Below, we excerpt from the article "BNY's Cecere Says MMFs Ready to Transact in Non-$1," which we featured in the October issue of Crane Data's Money Fund Intelligence newsletter. We wrote: On October 31, the last directive contained in the SEC's February 2010 "Money Market Fund Reform" amendments to Rule 2a-7 of the Investment Company Act of 1940 will come into effect. Funds must be in compliance with a "Processing of Transactions" mandate that "require[s] that a fund (or its transfer agent) have the capacity to redeem and sell its securities at a price based on the fund's current net asset value per share, including the capacity to sell and redeem shares at prices that do not correspond to the stable net asset value or price per share." Below, we discuss this issue with BNY Mellon Asset Servicing's Jim Cecere, managing director for global product management for U.S. financial institutions.

Q: Are money funds prepared for the new SEC mandate to price shares in other than $1.00? Cecere: I think generally speaking the answer to that is "yes". In our discussions with clients, we've been not only reviewing the impact from a process perspective and from a needs perspective, but also as it pertains to having to update, prepare, and enhance our systems and our reporting requirements. Communications protocols are also probably one of the most critical areas in the event that the buck has broken.

Q: What was the biggest challenge? Was this like a "mini-Y2K" issue for funds? Cecere: The "mini Y2K" has probably been between 2008 and now.... When in 2008 the Reserve Fund broke the buck, fund complexes, fund servicers, asset servicers really honed in and had to focus in on very quickly what that impact was and to prepare for that as the market effectively was melting down. Since that point, both fund companies and asset servicers have spent a lot of time not only understanding the implications of that but also enhancing the systems, operational protocols, etc, in order to prepare for a similar circumstance.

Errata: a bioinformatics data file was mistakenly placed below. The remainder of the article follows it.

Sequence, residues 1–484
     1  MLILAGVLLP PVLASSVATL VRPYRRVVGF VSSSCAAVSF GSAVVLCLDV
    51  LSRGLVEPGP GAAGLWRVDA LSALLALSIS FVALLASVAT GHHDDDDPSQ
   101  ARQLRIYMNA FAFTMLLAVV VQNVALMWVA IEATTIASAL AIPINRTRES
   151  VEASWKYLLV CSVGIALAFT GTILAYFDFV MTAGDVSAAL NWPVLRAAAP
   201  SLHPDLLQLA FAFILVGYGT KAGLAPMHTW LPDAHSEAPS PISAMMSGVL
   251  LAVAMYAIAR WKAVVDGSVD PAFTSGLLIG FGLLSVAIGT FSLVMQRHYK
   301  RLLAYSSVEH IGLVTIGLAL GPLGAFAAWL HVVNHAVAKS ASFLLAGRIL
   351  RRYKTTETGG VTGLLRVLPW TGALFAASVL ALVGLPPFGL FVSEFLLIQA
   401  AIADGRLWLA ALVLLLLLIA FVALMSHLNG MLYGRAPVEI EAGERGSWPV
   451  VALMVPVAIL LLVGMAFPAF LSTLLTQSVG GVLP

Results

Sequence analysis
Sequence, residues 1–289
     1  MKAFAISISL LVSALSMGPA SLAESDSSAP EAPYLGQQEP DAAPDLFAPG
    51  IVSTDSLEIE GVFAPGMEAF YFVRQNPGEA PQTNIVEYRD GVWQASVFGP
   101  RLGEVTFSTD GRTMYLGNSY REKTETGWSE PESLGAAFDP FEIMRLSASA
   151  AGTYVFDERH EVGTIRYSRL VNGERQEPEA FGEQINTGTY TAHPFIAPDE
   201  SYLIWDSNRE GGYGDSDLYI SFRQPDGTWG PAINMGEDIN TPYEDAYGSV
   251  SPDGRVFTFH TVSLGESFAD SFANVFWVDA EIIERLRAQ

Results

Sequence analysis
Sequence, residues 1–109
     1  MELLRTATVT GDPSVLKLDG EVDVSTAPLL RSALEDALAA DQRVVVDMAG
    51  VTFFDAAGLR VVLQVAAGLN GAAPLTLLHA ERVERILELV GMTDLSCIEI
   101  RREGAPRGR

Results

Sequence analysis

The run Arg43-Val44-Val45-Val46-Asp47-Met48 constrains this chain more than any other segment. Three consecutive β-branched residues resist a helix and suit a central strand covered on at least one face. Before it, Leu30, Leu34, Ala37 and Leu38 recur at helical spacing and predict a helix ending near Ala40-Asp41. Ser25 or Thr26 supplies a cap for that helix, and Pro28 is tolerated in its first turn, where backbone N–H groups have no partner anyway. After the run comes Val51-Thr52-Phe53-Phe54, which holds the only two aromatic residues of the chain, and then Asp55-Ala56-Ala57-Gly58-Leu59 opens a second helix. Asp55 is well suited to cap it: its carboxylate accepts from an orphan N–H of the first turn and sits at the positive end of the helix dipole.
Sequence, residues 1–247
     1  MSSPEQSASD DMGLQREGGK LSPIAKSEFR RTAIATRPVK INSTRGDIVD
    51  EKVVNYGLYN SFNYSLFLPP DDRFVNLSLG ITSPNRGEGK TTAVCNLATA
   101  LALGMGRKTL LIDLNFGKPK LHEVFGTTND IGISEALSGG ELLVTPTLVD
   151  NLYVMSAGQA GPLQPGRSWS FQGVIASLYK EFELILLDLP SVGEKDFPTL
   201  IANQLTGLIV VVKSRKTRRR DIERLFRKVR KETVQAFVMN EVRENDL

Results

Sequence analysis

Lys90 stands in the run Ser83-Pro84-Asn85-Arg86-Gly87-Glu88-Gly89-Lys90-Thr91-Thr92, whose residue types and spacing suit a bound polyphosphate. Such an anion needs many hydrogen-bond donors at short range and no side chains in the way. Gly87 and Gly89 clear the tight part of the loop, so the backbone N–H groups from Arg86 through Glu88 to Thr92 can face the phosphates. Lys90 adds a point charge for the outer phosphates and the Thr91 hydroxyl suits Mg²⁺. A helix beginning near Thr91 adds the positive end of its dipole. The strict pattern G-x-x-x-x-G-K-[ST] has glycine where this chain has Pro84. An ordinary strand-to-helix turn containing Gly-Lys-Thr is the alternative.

With the new regulations, it became clear those changes would need to be solidified. This was recently brought into the spotlight when the U.S. Government debt was downgraded. There was speculation at that point as to what could potentially happen and one of the 'what if' scenarios was that money market funds could potentially break the buck. Generally speaking, the industry took a hard look at their systems and procedures, and had effectively ramped up for this scenario, along with others, of course. Today, in terms of preparing for the new regulation coming into effect, I think the industry is generally prepared.

Q: Is there a decimal point mandate? Do they have to go out to three or four? Cecere: The regulation reflects a requirement to be able to go out to three decimal points. We actually have the ability to support a NAV up to and beyond three decimal points, which I'd speculate is the case in most firms. So if you parse out the challenges, the first question to answer is "Can we support the trade of a NAV other than a buck?" and the second is, "Can we support a NAV beyond three decimal points?" These represent some of the key challenges that we and other firms have had to address.

Q: Are there any issues outstanding? Cecere: No, not that I am aware of. Again, this really isn't a new topic or something that the industry was not expecting. Between the originally announced regulation and the fire drills, I think the industry is generally prepared. In the unlikely event that a fund does break the buck, fund companies not only have to be operationally prepared, but also have to have a solid communication plan in place depending upon the action they choose to take within the construct of the regulations. There is also some added flexibility. In the event they do not want to allow the NAV to fall below a dollar, they have the option to liquidate, and changes regulations have given guidance on the ability suspend redemptions and to take the necessary steps to liquidate in an orderly fashion.

Q: Are there other products that you guys are looking at? Cecere: Regulatory change is a driver for additional products. The impact of impeding changes is probably one of the top issues we regularly discuss with clients across the board. These regulatory changes continue to pressure fund operations to do more, and often with flat to decreasing investment dollars. We actively look to identify product opportunities that provide solutions for our clients. A great example is money market stress testing, which we rolled out with Investor Analytics. We are in the process of rolling that out also in Europe, as similar regulations are driving the need for a similar service. If you look at the spate of regulations -- whether it's Dodd-Frank, AIFMD, UCITS IV/V, etc., it is critical that we look at dealing with these impending changes as a strategy. It has, simply put, forced us to think differently.

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